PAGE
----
Lumbar Compression Fracture The lumbar vertebrae are the 5 largest and strongest of all vertebrae in the spine. These vertebrae comprise the lower back. They begin at the start of the lumbar curve (ie, the thoracolumbar junction) and extend to the sacrum. The strongest stabilizing muscles of the spine attach to the lumbar vertebrae. Fractures of lumbar vertebrae, therefore, occur in the setting of either severe trauma or pathologic weakening of the bone. Osteoporosis is the underlying cause of many lumbar fractures, especially in postmenopausal women. Osteoporotic spinal fractures are unique in that they may occur without apparent trauma. However, a thorough diagnostic workup is always required to rule out spinal malignancy. The image below reveals a wedge compression fracture. (See Pathophysiology.)

In the past, treatment options for lumbar fractures were quite limited, with bracing and rest prescribed most often. While many patients improved with this regimen, some did not and were left with chronic, disabling pain. Suh and Lyles found that vertebral compression fractures were associated with significant performance impairments in physical, functional, and psychosocial domains in older women.[1]However, medical and surgical options are now available that can relieve the severe pain and disability from these fractures.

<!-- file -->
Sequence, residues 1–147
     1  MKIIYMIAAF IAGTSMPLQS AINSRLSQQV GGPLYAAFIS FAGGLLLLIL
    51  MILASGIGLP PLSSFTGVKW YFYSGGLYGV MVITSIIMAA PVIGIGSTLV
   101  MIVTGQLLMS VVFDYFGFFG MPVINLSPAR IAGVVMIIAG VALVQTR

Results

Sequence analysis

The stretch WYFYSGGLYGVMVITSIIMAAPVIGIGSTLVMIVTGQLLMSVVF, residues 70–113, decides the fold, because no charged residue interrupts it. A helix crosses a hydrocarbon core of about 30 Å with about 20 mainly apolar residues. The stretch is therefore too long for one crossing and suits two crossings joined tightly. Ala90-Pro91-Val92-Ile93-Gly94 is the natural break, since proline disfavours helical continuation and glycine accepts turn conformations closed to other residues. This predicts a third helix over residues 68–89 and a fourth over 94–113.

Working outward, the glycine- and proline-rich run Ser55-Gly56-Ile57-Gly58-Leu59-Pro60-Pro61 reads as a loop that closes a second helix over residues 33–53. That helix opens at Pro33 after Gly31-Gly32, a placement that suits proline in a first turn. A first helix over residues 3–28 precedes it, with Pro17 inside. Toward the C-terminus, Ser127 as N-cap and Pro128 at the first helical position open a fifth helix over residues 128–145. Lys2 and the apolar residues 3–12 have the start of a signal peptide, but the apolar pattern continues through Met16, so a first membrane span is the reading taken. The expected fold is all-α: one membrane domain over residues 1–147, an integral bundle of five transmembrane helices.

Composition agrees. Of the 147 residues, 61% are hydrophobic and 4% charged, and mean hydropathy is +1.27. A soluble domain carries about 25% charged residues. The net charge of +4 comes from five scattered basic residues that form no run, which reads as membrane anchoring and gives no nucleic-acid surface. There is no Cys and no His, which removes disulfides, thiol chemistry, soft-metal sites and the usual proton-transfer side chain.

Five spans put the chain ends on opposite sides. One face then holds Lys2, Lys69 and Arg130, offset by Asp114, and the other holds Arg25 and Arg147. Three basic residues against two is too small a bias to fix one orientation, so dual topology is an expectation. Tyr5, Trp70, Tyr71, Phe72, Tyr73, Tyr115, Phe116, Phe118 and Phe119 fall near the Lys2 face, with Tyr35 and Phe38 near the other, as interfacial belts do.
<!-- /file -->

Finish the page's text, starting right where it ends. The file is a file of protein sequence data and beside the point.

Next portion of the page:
The lumbar spine provides both stability and support, allowing humans to walk upright. Proper function of the lumbar spine requires that it have a normal posture (ie, a normal lumbar curve). Any injury that changes the shape of a lumbar vertebra will alter the lumbar posture, increasing or decreasing the lumbar curve. As the body attempts to compensate for the alteration in the lumbar spine in order to maintain an upright posture, this will tend to distort the curves of the thoracic and cervical spine.

Lumbar compression fractures can be a devastating injury, therefore, for 2 reasons. First, the fracture itself can cause significant pain, and this pain sometimes does not resolve. Second, the fracture can alter the mechanics of the posture. Most often, the result is an increase in thoracic kyphosis, sometimes to the point that the patient cannot stand upright. In trying to maintain their ability to walk, patients with kyphosis report secondary pain in their hips, sacroiliac joints, and spinal joints. These patients are also at risk for falls and accidents, increasing the risk of secondary fractures in the spine and elsewhere.

Fractures in the lumbar spine occur for a number of reasons. In younger patients, fractures are usually due to violent trauma. Car accidents frequently cause flexion and flexion distraction injuries. Jumps or falls from heights cause burst fractures. These fractures can also result in serious neurological injury. In older patients, lumbar compression fractures usually occur in the absence of trauma, or in the context of minor trauma, such as a fall. The most common underlying reason for these fractures in geriatric patients, especially women, is osteoporosis. Other disorders that can contribute to the occurrence of compression fractures include malignancy, infections, and renal disease.

Traumatic fractures